In the Sept. 4, 1970, Aquin, then-student Joe Soucheray dropped the name Abbie Hoffman in an op-ed piece he wrote in response to recent Twin Cities’ bombings in protest of the Vietnam War. The future Garage Logic radio host called Hoffman (and his cohort Jerry Rubin) “daily revolutionary characters” given to “absurd theatrical tactics.” No further explanation was needed, such was Hoffman’s stature as a household name.

Drop Hoffman’s name today to a random passerby under 40, and a characteristic response is likely to be, “Who is she?”  First things first: Abbot “Abbie” Hoffman was a man. He also was, arguably, the most celebrated social and political activist and anti-war dissident of his time. The FBI kept a file on him that was more than 13,000 pages long. A 1960’s countercultural icon famous for his theatrical pranks on the economic and political powers-that-be, he spoke here Sept. 20, 1988, in the midst of the presidential race between George H.W. Bush and Michael Dukakis. He died seven months later at 52.

Hoffman co-founded, with Rubin, the Youth International Party – members of which he famously dubbed “Yippies” – a countercultural group of revolutionaries who advocated for peace and freedom of speech. His prominence grew with the “Chicago Seven” trial, at which he and other defendants, including Rubin, were accused of intent to incite a riot at the 1968 Democratic convention in Chicago. The months-long trial garnered enormous media attention for its regular bizarre courtroom antics, including the Yippies’ nomination of a pig they christened Pigasus – and that they brought into court – for president of the United States.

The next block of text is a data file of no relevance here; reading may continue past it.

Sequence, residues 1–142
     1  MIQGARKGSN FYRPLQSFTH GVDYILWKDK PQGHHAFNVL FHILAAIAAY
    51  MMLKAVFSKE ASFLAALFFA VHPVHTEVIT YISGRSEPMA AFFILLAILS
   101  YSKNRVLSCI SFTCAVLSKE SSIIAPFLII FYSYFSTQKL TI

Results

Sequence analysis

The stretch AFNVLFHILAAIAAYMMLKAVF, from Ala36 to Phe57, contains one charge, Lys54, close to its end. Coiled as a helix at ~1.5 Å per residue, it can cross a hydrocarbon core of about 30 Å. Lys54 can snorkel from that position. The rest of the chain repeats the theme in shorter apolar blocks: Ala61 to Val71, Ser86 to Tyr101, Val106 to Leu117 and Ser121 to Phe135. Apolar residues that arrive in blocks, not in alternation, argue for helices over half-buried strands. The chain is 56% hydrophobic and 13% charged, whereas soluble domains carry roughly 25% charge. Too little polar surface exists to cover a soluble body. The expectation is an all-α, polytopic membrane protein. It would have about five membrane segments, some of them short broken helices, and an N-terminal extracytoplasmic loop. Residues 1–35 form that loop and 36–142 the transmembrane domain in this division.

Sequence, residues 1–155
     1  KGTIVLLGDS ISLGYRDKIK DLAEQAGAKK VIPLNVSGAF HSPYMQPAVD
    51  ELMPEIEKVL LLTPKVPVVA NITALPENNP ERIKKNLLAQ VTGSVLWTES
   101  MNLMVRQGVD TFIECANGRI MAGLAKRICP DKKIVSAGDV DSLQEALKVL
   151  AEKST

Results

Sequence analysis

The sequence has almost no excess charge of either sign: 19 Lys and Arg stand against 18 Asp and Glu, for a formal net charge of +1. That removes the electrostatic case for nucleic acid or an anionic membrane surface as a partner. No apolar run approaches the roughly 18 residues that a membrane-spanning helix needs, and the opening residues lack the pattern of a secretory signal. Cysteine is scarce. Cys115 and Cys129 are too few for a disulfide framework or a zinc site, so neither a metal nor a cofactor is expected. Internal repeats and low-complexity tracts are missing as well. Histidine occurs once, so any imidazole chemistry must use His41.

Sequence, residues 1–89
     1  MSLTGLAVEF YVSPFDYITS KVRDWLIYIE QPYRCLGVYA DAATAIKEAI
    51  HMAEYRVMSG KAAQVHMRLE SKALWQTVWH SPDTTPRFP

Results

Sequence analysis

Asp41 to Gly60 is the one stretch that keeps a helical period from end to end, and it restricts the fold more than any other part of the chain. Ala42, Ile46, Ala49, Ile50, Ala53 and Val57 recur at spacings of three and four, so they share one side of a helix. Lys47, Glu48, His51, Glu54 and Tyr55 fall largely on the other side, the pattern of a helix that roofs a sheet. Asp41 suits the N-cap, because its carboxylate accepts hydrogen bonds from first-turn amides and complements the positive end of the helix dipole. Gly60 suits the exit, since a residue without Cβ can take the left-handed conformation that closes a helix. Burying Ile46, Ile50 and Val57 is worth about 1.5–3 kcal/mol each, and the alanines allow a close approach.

During Hoffman’s presentation at St. Thomas he wore a stars-and-stripes sweater and spoke on the potential of youth to bring about political change, the political climate of the time and his own experience as a student activist.

His animated speech, peppered with an occasional cuss, helped give rise to a St. Thomas chapter of Student Action Union, a multi-issue, national student organization that was comprised of independent chapters at various high school and college campuses. The chapters were dedicated to student empowerment, university democracy, and economic, racial, sexual and political equality and justice.

According to The Aquin (Sept. 30, 1988) Hoffman talked to 25 St. Thomas students for two hours after his lecture, helping them organize SAU at St. Thomas and offering his expertise on how to effectively protest college policies. At the time, a series of “beer party busts” had the St. Thomas campus roiling with controversy, as many students suspected university administration of videotaping off-campus parties and providing the footage to the St. Paul Police Department as evidence (which the SPPD denied).

When a reporter challenged why Hoffman would support what the reporter viewed as trivial, Hoffman stood by the students, declaring, “This issue has nothing to do with beer, just as the mandatory drug testing issue in this country has nothing to do with drugs. … that may not seem important, but these students who will let the college know that they have the right to live in their town way off campus, are going to learn a hell of a lot more from organizing a Student Action Union than they will ever learn in school.”

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